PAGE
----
Cheap flights and the effects of globalisation have meant that cases involving one parent moving abroad with a child to start a new life following divorce or separation are becoming more commonplace.
However, before moving abroad with a child, the parent needs permission from each person who has parental responsibility for that child. Often, the parent who is going to be left behind will oppose the move, because they believe this will affect their relationship with the child, as it usually means that they will not see him or her as often as they do currently.
Consequently, in many cases where parents can’t agree about which country their child should live in, the one who wants to relocate needs to apply to the court for permission to permanently remove the child from the jurisdiction of England and Wales.
Factors the court considers
When deciding whether to approve a parent moving abroad with a child, the courts follow the guidance set out by the Court of Appeal in the landmark decision of Payne v Payne ,in which a New Zealand-born mother was granted permission to move from England back to her home country with her daughter, despite the British father’s opposition. The guidance set out in this case is referred to as ‘the Payne Test’.
In essence, the Payne Test means that the court must pay regard to whether the move is:
- Motivated by a genuine desire to start a new life after moving abroad (and not a selfish desire to exclude the other parent from the child’s life);
- Realistic and founded on practical proposals, which have been well researched.
If it decides the application is genuine and realistic, the court must then consider:
- The reasons behind the other parent’s opposition, in particular, whether they are genuinely concerned for the child’s future welfare, or whether they have an ulterior motive;
- The effect that the move would have on the relationship between the parent who has been left behind and the child. The court also considers the extent to which this would be balanced by any new relationships that the child would form in the new country;
- The impact that refusing the application would have on the parent who wants to move.
When considering the above guidance, the court’s paramount concern will always be the child’s welfare.
Recent cases have challenged the Payne Test. However, despite their criticism of the test, the effect so far has only been to reinforce the guidance in cases where there is a sole primary carer for the child. One notable case is Re G (Leave to Remove)  EWCA Civ 1497  1 FLR 1587, where criticism was levelled by Lord Justice Thorpe, who made it clear that the Payne Test was established on the basis of a sole residence order and a sole primary carer.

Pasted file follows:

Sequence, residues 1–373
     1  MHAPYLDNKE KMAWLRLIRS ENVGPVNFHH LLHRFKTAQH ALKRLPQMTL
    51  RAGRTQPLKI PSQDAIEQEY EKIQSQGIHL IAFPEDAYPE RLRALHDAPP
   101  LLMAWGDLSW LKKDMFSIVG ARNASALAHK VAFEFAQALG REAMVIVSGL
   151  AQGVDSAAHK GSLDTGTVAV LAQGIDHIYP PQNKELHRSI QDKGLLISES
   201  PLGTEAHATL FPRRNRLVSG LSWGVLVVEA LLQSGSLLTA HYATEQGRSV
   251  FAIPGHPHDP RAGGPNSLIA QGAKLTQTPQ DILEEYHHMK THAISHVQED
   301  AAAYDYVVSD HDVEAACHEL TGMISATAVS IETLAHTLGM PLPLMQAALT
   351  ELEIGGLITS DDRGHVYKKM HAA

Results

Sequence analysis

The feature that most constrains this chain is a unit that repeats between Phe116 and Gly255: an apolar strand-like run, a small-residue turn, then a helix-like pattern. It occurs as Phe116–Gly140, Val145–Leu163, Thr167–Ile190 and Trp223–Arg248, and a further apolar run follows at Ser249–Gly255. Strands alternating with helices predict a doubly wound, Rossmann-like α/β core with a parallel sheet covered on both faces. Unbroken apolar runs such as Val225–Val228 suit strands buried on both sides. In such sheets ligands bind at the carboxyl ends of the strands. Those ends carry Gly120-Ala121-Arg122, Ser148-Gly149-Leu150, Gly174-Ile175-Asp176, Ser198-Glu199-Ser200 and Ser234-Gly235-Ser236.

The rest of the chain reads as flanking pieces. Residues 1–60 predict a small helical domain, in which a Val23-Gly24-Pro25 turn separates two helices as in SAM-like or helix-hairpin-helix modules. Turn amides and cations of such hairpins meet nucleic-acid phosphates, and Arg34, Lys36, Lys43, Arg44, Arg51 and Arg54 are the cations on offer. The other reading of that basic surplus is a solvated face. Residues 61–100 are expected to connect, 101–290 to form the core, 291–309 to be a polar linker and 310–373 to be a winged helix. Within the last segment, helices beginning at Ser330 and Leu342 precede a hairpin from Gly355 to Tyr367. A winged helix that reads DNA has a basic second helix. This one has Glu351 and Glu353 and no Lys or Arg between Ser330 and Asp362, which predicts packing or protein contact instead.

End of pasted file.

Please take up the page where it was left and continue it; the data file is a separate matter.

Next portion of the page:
The more recent case of Re K (Children)  EWCA Civ 793 has changed the way in which the courts deal with applications for removal where a shared care arrangement is in place. In it, the Court of Appeal confirmed that, in cases where both parents care for a child in more or less equal shares, the overriding consideration should be what would be in the child’s best interests, determined by a number of factors known as the “welfare checklist”, as opposed to the guidance set down in the Payne Test. As a result, most parents will now find it much more difficult than they would have done previously to persuade a court to allow them to leave the country with their child.
Pressure to reform
Recent research has raised concerns about the ways in which removing a child from one country can frustrate the ongoing relationship between the child and the parent who stays behind. Investigation carried out by Reunite, the international child abduction charity, casts considerable doubt on the extent to which contact arrangements set out in court applications are actually put into effect after the move.
There has also been increased pressure for reform of the law governing international relocation. In February 2010, in the case of Re D (Children)  EWCA Civ 50, Mr Justice Wall commented that the guidance given in Payne placed too much emphasis on the wishes of the parent who would like to relocate, and insufficient weight on the parent who would be left behind. He suggested that, in the right case, this point could form the basis of an appeal, so it seems the courts are keen to re-consider this issue.
On 25 March 2010, the Washington Declaration on International Family Relocation was published, following a meeting attended by over 50 judges and other family law experts to discuss the subject of international relocation. It was hoped that the declaration would spark worldwide debate on the issue, with a view to developing a uniform approach to the way in which all signatories to the Hague Convention deal with such cases. In Re H (Leave to Remove)  EWCA Civ 915, Lord Justice Ward stated: “The Washington Declaration […] may prove to be not only a valuable means of harmonising the approaches of different jurisdictions to the determination of applications for permission to relocate, but ultimately also become the foundation of some reform of our domestic law.”
In June of the same year, Mr Justice Mostyn suggested in Re AR (A Child: Relocation)  2 FLRthat there should be reform of the law governing international relocation and added that a review of the ideology in Payne was urgently needed.
In light of the recent decision Re K, it appears that the time for the Payne Test to be re-examined in its entirety may be coming. The move is supported by Relocation, which suggests that the guidance in Payne is too focused on the effect that a refusal to allow a move would have upon the primary carer, as opposed to the child’s welfare. Instead, they suggest that there should be a much more consistent and child-centred approach.
For further information on moving abroad with a child or any of the other issues raised in this article, please contact Lyons Davidson’s Advoca team.